J Pharmacol Exp Ther. 2021 Jun 28:JPET-AR-2021-000740. doi: 10.1124/jpet.121.000740. Online ahead of print.
Evidence suggests that Δ9-tetrahydrocannabinol (Δ9-THC), the intoxicating component of cannabis, may cause enduring changes in the structure and function of adolescent brain circuits implicated in nociceptive responding. Yet, whether such changes might persistently disrupt nociceptive behaviors remains unknown. In the present study, we subjected C57BL6/J mice of both sexes to once-daily injections of Δ9-THC (5 mg-kg-1, intraperitoneal) or vehicle throughout adolescence (PND 30-43) and, when the animals had reached adulthood (PND 70), assessed nociceptive behavior using the formalin and chronic constriction injury (CCI) tests. We also investigated, using the tail immersion test, the antinociceptive effects of morphine and the development of tolerance to such effects. The results show that adolescent Δ9-THC exposure does not significantly impair nociceptive responding or morphine-related antinociception and tolerance. The findings suggest that frequent exposure to a moderate dose of Δ9-THC during adolescence does not permanently alter nociceptive circuits in male or female mice. Significance Statement The endocannabinoid system serves critical functions in the central and peripheral nervous systems, including regulation of pain, and can be modified by prolonged exposure to the intoxicating constituent of cannabis, Δ9-tetrahydrocannabinol (Δ9-THC). This raises the possibility that regular use of Δ9-THC-containing cannabis during adolescence might cause changes in nociception that persist into adulthood. We found that frequent early-life exposure to a moderate dose of Δ9-THC does not permanently alter nociceptive function in male or female mice.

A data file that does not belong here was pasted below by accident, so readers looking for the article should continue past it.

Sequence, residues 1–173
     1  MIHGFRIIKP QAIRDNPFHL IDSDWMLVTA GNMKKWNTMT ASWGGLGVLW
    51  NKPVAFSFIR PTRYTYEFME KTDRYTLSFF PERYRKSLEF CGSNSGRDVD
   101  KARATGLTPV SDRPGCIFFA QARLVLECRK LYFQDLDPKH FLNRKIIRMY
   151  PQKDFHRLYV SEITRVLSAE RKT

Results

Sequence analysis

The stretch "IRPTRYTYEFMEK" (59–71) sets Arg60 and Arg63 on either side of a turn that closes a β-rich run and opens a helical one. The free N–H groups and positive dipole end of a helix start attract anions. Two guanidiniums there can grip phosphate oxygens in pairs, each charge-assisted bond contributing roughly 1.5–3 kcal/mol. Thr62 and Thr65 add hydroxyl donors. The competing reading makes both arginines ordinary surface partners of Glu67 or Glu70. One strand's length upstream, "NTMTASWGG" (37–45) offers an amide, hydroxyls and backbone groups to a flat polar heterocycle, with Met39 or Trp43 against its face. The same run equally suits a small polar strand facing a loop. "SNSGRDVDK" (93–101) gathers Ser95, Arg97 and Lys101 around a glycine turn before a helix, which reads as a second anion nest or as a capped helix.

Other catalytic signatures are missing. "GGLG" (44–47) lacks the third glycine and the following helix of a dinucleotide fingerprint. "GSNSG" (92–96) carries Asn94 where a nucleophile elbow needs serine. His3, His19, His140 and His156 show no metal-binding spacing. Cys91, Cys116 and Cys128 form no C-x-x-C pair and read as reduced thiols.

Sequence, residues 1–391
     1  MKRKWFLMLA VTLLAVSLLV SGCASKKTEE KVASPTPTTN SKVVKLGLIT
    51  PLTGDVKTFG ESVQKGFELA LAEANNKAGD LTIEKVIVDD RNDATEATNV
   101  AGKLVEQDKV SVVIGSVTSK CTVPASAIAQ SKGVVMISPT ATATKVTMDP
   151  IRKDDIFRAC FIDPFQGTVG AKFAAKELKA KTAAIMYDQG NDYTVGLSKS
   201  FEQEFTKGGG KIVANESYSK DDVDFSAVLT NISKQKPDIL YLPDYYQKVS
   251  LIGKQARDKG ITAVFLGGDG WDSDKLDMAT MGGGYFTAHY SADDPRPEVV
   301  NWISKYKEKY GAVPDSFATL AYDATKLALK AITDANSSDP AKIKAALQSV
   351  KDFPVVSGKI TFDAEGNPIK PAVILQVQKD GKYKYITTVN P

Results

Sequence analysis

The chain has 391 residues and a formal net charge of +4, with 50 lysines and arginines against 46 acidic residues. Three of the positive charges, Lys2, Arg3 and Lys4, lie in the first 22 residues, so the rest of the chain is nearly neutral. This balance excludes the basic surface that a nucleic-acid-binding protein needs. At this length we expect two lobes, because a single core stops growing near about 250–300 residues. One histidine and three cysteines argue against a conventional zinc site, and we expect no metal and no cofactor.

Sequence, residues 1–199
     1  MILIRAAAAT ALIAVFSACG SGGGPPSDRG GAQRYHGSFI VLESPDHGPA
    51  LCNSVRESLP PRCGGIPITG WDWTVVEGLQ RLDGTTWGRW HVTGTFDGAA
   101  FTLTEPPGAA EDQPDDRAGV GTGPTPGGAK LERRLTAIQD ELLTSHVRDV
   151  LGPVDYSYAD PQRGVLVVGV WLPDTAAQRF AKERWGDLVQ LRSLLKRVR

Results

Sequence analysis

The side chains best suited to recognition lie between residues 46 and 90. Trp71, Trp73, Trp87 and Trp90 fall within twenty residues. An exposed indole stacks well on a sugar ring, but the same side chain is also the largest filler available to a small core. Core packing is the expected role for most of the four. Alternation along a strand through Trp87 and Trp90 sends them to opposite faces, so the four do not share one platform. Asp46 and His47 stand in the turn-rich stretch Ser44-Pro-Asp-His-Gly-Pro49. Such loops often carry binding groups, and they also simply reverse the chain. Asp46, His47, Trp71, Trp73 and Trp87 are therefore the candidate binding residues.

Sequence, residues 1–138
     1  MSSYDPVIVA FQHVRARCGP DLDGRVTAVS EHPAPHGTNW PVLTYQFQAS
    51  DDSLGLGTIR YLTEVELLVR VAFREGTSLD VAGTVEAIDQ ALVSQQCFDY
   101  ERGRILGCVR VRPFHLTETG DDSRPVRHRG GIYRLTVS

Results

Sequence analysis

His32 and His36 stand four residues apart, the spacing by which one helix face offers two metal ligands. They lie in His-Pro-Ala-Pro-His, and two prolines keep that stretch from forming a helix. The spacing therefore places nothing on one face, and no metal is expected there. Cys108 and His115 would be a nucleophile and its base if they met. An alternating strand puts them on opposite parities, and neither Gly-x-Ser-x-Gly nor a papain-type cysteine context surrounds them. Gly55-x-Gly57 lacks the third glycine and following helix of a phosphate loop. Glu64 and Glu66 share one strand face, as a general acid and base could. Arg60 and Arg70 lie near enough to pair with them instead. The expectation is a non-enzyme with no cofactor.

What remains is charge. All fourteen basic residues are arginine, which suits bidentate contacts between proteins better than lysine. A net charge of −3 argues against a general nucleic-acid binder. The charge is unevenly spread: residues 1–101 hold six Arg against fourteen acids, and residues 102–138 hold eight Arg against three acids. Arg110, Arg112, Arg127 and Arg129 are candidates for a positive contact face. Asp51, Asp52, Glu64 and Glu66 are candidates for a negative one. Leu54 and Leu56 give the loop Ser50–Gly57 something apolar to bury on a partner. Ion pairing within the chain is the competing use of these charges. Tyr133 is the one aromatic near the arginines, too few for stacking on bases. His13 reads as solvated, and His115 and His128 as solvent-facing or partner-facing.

Source: ncbi 2